Debate Magazine

The Plan to Improve Test Scores: Give Students the Exam Before They Forget the Material

By Stevemiranda

Last week, I read an opinion column in the Huffington Post trying to rally support for a petition. The authors encourage states to “deploy an assessment system that not only explicitly accommodates emerging models of innovative schooling, but also supports them.”

I haven’t been able to get it out of my mind since then. Let me explain.

The authors of the petition claim that “there is an unprecedented opportunity to utilize digital learning to transform our nation’s education system. . . . If done correctly, the shift from pencil-and-paper to online assessments will build upon this opportunity to transform the nation’s education system. . . .”

The future, the authors suggest, belongs to “blended schooling models that combine the best of face-to-face and online learning.”

Sadly, the original signatories on this petition include some of the most influential people in education—CEO’s of corporations and major non-profits, urban school leaders, and even the entire Harvard Graduate School of Education!

Despite the more 12 instances of the words “innovative” and “innovation” in this column, there is little here that suggests anything new. Simply taking academic content out of a textbook and putting it on the Internet hardly constitutes a revolution.

The authors gain momentum, however, in the last paragraph: “New assessment systems should support rather than act as a barrier to competency-based learning—in which time is variable but learning is constant for each student—and systems should shift to focus on measuring and rewarding individual student growth.”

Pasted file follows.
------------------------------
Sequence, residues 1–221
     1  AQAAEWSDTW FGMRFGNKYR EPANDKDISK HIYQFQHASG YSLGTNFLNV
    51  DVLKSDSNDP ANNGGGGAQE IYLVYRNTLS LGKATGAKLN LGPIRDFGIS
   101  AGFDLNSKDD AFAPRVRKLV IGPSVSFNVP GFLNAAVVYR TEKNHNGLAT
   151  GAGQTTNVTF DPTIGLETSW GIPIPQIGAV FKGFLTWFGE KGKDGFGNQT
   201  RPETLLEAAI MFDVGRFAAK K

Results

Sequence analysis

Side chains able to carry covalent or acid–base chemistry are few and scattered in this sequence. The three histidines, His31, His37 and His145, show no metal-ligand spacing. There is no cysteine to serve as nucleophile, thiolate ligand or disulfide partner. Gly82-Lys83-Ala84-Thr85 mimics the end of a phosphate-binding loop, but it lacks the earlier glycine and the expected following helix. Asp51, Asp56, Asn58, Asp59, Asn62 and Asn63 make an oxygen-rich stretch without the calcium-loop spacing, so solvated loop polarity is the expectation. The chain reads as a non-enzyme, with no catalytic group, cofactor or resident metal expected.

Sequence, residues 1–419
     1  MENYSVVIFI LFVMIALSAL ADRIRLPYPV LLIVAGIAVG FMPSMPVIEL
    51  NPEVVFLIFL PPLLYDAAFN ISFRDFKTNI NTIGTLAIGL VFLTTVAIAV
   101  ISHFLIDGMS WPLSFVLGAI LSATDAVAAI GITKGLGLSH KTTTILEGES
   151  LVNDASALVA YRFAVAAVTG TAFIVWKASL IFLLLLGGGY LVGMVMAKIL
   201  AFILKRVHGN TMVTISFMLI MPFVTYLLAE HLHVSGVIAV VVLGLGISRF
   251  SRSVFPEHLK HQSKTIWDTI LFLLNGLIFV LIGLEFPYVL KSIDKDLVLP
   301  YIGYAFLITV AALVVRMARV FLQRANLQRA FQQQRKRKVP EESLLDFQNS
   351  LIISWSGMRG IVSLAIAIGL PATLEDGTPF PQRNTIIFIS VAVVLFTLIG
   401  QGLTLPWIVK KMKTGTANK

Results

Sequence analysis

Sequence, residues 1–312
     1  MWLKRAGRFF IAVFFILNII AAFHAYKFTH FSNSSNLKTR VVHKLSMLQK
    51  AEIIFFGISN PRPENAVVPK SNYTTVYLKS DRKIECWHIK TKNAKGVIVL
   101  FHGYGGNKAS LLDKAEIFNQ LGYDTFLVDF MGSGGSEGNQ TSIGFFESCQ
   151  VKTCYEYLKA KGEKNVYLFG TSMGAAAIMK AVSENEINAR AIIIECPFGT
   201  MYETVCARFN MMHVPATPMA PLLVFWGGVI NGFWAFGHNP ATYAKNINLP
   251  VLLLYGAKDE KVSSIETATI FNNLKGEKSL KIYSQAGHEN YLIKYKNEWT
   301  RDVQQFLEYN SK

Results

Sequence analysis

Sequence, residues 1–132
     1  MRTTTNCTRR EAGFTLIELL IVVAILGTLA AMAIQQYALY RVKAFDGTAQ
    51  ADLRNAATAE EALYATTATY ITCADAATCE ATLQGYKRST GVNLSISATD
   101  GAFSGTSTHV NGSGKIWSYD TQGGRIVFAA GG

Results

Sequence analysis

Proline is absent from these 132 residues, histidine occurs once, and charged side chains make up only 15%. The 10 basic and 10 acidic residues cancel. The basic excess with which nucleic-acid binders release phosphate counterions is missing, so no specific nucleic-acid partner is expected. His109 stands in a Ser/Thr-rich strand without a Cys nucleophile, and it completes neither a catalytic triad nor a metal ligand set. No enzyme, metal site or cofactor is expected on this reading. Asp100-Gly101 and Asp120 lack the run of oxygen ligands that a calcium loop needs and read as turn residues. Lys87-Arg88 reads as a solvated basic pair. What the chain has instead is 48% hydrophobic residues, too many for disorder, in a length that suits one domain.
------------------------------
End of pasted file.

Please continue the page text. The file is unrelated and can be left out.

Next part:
But then the house of cards comes crashing down: “Consequently, next-generation assessments must be made available on demand when a student completes a unit or course and not at a pre-determined time on the school calendar.”

If students are actually learning, why does it matter when the test is? If the student needs to have the assessment immediately after completing unit of study or else she’ll forget the material, what’s the point in learning it in the first place?

* * *

Conversations about education typically start with a very important assumption. One either believes that 1) human beings are hardwired with an intrinsic desire to learn, or 2) that kids need to be coerced though punishments and rewards.

Those who believe in punishments and rewards are not only ignoring the most robust findings in the behavioral sciences of the past 40 years, but their conversations essentially become ineffectual white noise. The answer to how we can get kids to reach the arbitrary standards we’ve established doesn’t matter, because we’re asking the wrong question.

Those who believe that human beings are hardwired for learning, on the other hand, have conversations about how to make sure each individual child is whole. When kids are whole and their innate curiosity is intact, getting them to pass tests is a natural by-product of the more important work of helping them reach their full potential.

(Join the discussion at Get updates at

Back to Featured Articles on Logo Paperblog